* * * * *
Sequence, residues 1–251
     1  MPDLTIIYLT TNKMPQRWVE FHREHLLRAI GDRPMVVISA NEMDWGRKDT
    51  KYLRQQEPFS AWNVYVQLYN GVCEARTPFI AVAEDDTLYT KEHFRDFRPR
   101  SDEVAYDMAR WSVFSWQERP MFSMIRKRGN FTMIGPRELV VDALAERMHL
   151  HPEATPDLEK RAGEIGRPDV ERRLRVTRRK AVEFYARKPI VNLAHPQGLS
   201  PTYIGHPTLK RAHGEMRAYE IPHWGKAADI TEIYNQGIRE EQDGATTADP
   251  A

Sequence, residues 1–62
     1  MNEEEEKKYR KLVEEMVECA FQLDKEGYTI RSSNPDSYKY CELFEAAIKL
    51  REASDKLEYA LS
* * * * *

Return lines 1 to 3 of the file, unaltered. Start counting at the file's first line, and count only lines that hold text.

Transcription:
Sequence, residues 1–251
     1  MPDLTIIYLT TNKMPQRWVE FHREHLLRAI GDRPMVVISA NEMDWGRKDT
    51  KYLRQQEPFS AWNVYVQLYN GVCEARTPFI AVAEDDTLYT KEHFRDFRPR